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Transverse Section of the Midbrain - NEET PG Anatomy

Feb 14, 2023


The transverse section of the midbrain is considered an important topic for the NEET PG exam because of its anatomical significance. A thorough understanding of its transverse section helps in visualizing the complex arrangement of various structures and their relationships.

Furthermore, the NEET PG exam assesses the candidate's understanding of human anatomy, including the central nervous system. The transverse section of the midbrain is one of the important topics covered in the syllabus, and a sound understanding of this topic can contribute significantly to your overall performance.

In this blog, we have covered this high-yield anatomy topic briefly from the NEET PG/NExT exam preparation point of view. Keep reading.

Transverse Section of the Midbrain

Transverse section of the midbrain is taken at the level of the superior colliculus. C.N. III nucleus is seen anterior to the cerebral aqueduct of Sylvius in the periaqueductal grey matter. C.N. III (LMN) exits from the anterior midbrain. If the anterior midbrain is damaged, it damages the C.N. III → Causing ipsilateral down & out eye with wide fixed pupils.

  • Crus cerebri has:
    • Cortico-nuclear tract (CNT) passing more medially
    • Corticospinal tract (CST) passing more laterally
  • CNT & CST cross the midline and control the muscles on the other side. Therefore, when this crus cerebri is compromised: CNT & CST are compromised (UMN lesion).
  • C.N. V, VII, XII; radial nerve & ulnar nerve are compromised on the contralateral side. Injury to the substantia nigra is also seen. This causes contralateral parkinsonism symptoms.  

Also Read: Development of the Nervous System - NEET PG Anatomy         

Cortico-Nuclear Tract

  • A.k.a. corticobulbar tract. It crosses the midline at the level of motor nuclei in the brainstem.
  • The cranial nerves go beyond the brainstem and control the skeletal muscles. Cerebrum controls the contralateral side of the body.

Corticospinal Tract

  • It crosses the midline at the level of lower medulla. It controls the LMN on the contralateral side.
Important Information:

Muscles with only contralateral innervation:

Lateral pterygoid muscle (Supplied by contralateral C.N. V)Lower face muscles (supplied by contralateral C.N. VII)Genioglossus muscle (supplied by contralateral C.N. XII)
  • In case of a right-sided Weber’s Syndrome (with injury of the crus cerebri):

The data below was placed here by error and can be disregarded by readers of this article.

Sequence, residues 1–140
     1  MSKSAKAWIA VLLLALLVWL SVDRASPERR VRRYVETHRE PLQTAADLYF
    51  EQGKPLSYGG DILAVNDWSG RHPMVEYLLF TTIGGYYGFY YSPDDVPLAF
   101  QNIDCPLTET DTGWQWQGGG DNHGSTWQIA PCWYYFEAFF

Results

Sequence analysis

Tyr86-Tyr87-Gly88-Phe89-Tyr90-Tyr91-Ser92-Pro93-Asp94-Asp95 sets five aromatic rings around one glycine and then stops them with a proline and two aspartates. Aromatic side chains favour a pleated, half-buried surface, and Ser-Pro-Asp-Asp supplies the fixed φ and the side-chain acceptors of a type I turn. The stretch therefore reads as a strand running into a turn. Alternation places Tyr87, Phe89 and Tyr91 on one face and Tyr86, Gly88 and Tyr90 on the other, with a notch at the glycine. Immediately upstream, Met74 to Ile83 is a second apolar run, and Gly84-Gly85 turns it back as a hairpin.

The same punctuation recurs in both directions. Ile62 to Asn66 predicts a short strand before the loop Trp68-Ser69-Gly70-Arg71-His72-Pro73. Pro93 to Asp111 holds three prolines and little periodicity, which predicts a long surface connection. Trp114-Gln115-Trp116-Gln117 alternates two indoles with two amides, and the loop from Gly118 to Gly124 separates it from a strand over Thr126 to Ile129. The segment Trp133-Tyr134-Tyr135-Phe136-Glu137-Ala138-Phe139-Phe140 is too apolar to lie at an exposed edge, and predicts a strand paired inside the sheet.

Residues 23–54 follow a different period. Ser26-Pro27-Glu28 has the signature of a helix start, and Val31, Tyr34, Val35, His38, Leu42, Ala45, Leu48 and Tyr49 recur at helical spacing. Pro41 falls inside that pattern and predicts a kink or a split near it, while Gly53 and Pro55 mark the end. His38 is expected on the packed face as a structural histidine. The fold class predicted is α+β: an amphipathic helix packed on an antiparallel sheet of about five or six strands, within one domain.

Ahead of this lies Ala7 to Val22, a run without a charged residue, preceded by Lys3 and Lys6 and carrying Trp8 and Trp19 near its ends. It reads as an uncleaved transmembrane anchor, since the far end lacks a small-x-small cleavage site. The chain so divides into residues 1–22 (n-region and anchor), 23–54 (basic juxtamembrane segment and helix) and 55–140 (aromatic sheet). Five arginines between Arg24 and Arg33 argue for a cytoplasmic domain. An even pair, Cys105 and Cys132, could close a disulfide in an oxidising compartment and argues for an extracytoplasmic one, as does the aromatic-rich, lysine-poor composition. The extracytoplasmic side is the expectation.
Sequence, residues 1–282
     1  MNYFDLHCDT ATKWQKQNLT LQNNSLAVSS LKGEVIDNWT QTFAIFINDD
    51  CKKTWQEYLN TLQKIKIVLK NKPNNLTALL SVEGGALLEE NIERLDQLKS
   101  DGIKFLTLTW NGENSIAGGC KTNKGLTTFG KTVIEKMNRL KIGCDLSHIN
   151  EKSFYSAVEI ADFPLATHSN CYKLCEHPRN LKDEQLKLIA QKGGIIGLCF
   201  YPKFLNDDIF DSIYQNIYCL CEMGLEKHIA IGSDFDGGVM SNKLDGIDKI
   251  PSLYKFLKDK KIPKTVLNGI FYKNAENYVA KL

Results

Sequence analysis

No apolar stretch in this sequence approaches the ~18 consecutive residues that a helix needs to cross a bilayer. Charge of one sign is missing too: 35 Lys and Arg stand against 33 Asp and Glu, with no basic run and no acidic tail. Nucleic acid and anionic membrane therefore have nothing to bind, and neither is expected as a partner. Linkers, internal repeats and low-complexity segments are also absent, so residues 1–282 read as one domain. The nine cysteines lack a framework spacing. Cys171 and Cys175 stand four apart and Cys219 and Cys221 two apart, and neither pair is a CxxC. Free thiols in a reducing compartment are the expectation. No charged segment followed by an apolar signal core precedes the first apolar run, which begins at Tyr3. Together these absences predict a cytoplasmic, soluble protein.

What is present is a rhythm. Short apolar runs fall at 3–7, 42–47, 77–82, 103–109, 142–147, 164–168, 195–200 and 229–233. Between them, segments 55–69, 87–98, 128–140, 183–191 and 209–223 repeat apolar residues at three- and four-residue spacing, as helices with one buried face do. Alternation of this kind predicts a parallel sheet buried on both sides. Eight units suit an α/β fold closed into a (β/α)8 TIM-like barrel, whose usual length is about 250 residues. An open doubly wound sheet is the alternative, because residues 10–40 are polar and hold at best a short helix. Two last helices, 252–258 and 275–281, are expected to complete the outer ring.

• Left facial & hypoglossal paralysis
    • Left spastic hemiplegia
    • Right oculomotor paralysis (eye is down and out) with wide fixed pupils
    • Therefore, we see alternating hemiplegia.
Transverse Section of the Midbrain
  • If there is a lesion in the pons (Medial pons syndrome)
    • Ipsilateral abducens nerve (C.N. VI) palsy → Causes medial squint
    • Contralateral spastic paralysis
  • If there is a lesion in the medulla (Medial medullary syndrome)
    • Ipsilateral hypoglossal nerve (C.N. XII) palsy → Causes ipsilateral tongue palsy
    • Contralateral spastic paralysis
Transverse Section of the Midbrain

Also read: How to Prepare Anatomy for PG Entrace Exams ?

Lateral Pontine Syndrome

  • At the level of trigeminal nerve → Ipsilateral trigeminal muscles are compromised
  • At the level of facial nerve → Ipsilateral facial muscles compromised.
  • Contralateral loss of pain & temperature, because of involvement of the spinothalamic tract. No spastic paresis, because the pyramidal tract is not involved. No dorsal column (DC) involvement
Important Information:

In lateral brainstem lesions, the pyramidal tract is not affected. Therefore, there is no contralateral spastic paralysis. Rather, these patients have contralateral loss of pain & temperature sensations, due to involvement of the spinothalamic tract.

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  • It is also called the lateral medullary syndrome.
  • Contralateral loss of pain & temperature, because of involvement of the spinothalamic tract. Loss of pain & temperature of the ipsilateral face ; this is because of injury to the C.N. V  (trigeminal nerve).
  • Alternating hemianesthesia
  • Ipsilateral Horner’s syndrome – Due damage to the horner’s pathway (hypothalamospinal pathway compromised)
    • Paralysis of ipsilateral dilator pupillae & superior tarsal muscle
    • ipsilateral miosis and ipsilateral ptosis.
  • Ipsilateral cerebellar ataxia – Due to damage to the dorsal spinocerebellar tract. Difficulty in speech and swallowing on the ipsilateral side – This is due to ischemia of nucleus ambiguus.
  • Ipsilateral loss of taste sensation on the tongue – Due to ischemia of the nucleus tractus solitarius. Vertigo – Because of involvement of the vestibular nucleus. The Dorsal column and pyramidal tract are spared. No problem in tongue muscle.

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